Watching Tumblebugs gather animal dung into balls and whimsically roll them away can be entertaining for people at any age.
Tumblebugs are a type of Dung Beetle. Adults are often spotted rolling balls of dung larger than themselves across the ground to underground burrow. The effort to move the balls is sincere, though sometimes clumsy in appearance. Females may ride on top, helping roll them, while males push from below. Once the ball is underground, the female will lay a fertilized egg onto the round heap (called a brood ball), which will provide the larvae with food after it hatches. Other balls are rolled and collected as food, which will be consumed by adults.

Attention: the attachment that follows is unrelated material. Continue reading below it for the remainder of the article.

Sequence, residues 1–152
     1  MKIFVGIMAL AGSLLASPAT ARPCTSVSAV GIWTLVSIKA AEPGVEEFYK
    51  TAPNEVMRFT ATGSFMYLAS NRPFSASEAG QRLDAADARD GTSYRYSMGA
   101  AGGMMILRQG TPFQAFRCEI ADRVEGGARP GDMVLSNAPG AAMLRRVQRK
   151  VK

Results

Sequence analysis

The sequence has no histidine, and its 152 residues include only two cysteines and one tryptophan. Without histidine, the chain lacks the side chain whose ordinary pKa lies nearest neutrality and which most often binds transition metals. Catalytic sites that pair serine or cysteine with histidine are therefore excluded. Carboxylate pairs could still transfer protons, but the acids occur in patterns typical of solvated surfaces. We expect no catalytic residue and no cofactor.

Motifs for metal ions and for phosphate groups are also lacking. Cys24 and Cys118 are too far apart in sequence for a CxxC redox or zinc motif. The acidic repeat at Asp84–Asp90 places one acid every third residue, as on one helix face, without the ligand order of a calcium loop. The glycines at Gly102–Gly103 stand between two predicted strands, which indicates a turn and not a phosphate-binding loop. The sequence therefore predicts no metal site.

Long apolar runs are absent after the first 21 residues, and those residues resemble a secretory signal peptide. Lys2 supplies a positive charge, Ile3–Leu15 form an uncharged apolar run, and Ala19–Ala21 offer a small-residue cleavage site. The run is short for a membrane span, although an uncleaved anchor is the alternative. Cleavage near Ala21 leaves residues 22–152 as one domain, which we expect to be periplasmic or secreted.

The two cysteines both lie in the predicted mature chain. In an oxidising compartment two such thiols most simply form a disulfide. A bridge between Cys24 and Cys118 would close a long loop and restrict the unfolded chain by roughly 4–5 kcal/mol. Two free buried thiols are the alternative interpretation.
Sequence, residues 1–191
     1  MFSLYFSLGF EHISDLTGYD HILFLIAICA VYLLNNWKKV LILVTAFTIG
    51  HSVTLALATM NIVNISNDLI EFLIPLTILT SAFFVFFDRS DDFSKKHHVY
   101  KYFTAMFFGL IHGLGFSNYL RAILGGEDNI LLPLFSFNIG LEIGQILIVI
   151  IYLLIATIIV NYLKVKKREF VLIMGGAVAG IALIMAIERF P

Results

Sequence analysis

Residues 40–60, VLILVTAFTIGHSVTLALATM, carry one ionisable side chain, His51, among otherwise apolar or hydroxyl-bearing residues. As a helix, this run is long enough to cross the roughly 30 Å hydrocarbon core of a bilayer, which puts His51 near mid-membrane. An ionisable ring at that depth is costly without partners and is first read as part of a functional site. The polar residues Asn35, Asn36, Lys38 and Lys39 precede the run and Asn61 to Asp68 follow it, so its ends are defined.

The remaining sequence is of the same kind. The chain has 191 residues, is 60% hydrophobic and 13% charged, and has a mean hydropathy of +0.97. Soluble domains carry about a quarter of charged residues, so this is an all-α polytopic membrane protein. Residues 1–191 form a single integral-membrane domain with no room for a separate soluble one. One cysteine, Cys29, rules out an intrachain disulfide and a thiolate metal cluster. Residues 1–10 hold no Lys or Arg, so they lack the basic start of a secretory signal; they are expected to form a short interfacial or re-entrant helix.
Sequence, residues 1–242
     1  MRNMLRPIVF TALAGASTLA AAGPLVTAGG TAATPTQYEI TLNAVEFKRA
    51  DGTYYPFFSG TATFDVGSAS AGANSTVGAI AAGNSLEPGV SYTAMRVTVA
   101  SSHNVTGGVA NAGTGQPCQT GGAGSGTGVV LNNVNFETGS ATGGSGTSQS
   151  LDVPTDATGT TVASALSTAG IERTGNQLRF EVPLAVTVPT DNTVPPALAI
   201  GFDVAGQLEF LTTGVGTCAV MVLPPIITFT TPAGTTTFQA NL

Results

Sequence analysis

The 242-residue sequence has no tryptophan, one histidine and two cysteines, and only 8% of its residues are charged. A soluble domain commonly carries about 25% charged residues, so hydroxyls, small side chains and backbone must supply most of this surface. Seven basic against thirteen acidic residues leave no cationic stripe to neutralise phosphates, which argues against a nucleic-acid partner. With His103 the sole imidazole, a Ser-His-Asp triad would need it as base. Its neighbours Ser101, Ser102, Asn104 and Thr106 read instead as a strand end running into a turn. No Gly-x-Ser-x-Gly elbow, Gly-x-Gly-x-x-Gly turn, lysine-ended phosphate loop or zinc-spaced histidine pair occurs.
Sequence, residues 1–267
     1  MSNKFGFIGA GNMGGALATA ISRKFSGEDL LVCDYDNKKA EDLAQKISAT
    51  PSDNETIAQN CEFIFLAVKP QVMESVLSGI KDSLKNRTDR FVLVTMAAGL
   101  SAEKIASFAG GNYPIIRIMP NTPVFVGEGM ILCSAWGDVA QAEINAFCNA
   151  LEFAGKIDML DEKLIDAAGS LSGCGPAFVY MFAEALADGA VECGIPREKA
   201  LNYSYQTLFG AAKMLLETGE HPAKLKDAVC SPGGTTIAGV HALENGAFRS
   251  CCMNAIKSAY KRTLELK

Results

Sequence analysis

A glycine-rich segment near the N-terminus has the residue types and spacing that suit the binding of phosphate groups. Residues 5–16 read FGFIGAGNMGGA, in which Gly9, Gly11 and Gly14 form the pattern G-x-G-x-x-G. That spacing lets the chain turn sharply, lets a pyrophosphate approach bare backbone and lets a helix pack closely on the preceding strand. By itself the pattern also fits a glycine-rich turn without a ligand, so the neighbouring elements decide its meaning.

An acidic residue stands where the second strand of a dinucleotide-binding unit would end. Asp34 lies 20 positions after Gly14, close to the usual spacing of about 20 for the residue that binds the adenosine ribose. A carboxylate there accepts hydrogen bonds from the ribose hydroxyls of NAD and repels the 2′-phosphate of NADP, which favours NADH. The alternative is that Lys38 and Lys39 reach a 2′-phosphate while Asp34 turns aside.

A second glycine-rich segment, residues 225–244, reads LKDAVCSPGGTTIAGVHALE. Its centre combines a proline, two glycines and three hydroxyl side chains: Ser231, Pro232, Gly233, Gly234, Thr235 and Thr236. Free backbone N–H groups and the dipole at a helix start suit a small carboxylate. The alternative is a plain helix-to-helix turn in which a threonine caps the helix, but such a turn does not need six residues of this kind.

Scientific Name: Canthon spp.
Other Name(s): Dung Beetle
Size (Adult; Length): 11mm to 19mm (0.43in to 0.74in)
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Antennae: Beetles have a pair of antennae on the head used as sensors.
Head: The head is home to the insect's eyes, antennae, and mandibles (jaws).
Thorax: Holds the three pairs of legs as well as vital internal organs.
Elytron: One of two wing cases on a Beetle that protects its wings (plural: elytra).
Wings: Appendages used for flying and kept under the elytra until needed.
Abdomen: Houses organs related to circulation, reproduction, and excretion.
Legs: Beetles have three pairs of legs located at the thorax, numbering six legs in all.